One day I have to run out of ideas for this series. Here is yet another set of suggestions to use as short story starters. Hope you find something in this lot that will set your creative juices flowing. Don’t forget to let me know how your writing goes.
Short Story Starters:
- Jack was not impressed. After all, wasn’t he the one who….
- Angela hesitated. “I can still walk away,” she told herself as she moved her finger towards the doorbell.
- It was the last thing Cindy wanted to hear. It was clear that her…
- Dan leaped through the opening. “Yaaaah!” he yelled. “At last I’ve….
- Carol sat up like a guard dog alert to an intruder’s footsteps.
- “How can you possibly think THAT!” yelled Tom. “When I was…
- Ellen noticed that her hands were shaking. Her stomach churned like a giant cement mixer. She felt like….
Conditions of use:
- Feel free to use any of the story starters listed above. Change anything to suit your needs.
- Give it your best shot.
- Edit your work carefully before sending it off to a publisher or posting it on your blog.
- Let me know in the comments section how it went.
- If you publish your story on your web site or on your blog let me know so I can make a link to it for others to read.
So there you go.
A recent case in Canada shows that it can certainly be costly if you do not pay attention to grammar, and punctuation in particular. In a dispute between two companies, one a cable television provider and the other a telephone company, a single, misplaced comma in a contract cost a million dollars (Canadian).
The misplaced comma changed the whole intent of one sentence in the contract, according to a ruling from the telecommunications regulator. A costly oversight I would say.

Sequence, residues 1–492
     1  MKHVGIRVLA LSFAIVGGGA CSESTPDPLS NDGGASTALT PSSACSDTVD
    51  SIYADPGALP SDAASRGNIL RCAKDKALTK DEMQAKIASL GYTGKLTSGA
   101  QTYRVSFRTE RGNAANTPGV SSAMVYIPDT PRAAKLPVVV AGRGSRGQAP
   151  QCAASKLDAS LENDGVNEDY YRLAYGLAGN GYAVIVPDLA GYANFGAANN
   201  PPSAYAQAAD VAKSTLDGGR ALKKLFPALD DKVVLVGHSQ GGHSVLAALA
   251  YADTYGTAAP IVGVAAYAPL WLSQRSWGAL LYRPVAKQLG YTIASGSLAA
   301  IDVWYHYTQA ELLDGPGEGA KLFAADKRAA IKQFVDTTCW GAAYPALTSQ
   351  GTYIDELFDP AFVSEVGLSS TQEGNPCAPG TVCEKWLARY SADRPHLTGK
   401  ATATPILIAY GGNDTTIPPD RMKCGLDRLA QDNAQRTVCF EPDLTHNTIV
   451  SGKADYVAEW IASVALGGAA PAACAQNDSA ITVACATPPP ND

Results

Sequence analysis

To read the article in the New York Times about this incident click here. (You may have to register first.)
This week’s idiom:
A nest egg
It is thought that this expression comes from the days before large batteries of laying hens were kept in cages in sheds. The farmer would place a porcelain or plastic artificial egg in each nest to encourage the hens to lay more eggs. I remember doing this on the farm where I grew up. I have no evidence that it actually worked in producing more eggs. To my way of thinking today, the hen will only lay an egg when she is well and truly ready. One cannot force the issue.
This expression has entered our language from that farming practice. Having “a nest egg” is to set aside some money as an investment for the future. Having such a sum is supposed to be an inducement to add to it, thus making the amount grow. Just like the false nest egg was meant to be an inducement for the hen to lay more, so too a nest egg of money was to encourage one to save more.
In today’s world of share portfolios, cash management funds, financial planners and the like this term is hardly ever used any more and seems quite quaint. One might only ever hear the elderly use this term, especially those who may have grown up during the Depression years of the 1930s.
“To save ten dollars a week from your pay would be a wise method of ensuring you have a little nest egg for the future,” advised Grandpa.
See also my article “What is an idiom?“
Oswald stared longingly at Vanessa.
â€œCome to me,â€ his aching heart whispered.
Vanessa went on talking, oblivious of Oswald.
â€œYou know,â€ she said as she eased herself even closer to Albert. â€œWe have so much in common.â€
Albert smiled nervously as she stroked his arm.
â€œLet us walk in the garden,â€ she added, boldly taking his hand.
They stepped out on to the patio, arm in arm.
Oswaldâ€™s envious eyes followed her every move. How he longed to be in her embrace.
They moved out of view.
Oswald settled more comfortably before the fire and his rumbling purr resumed.
All rights reserved. Copyright 2006 Trevor W. Hampel.
- To read more of my short stories click here.
This short story first appeared in Freexpression magazine in June 1999.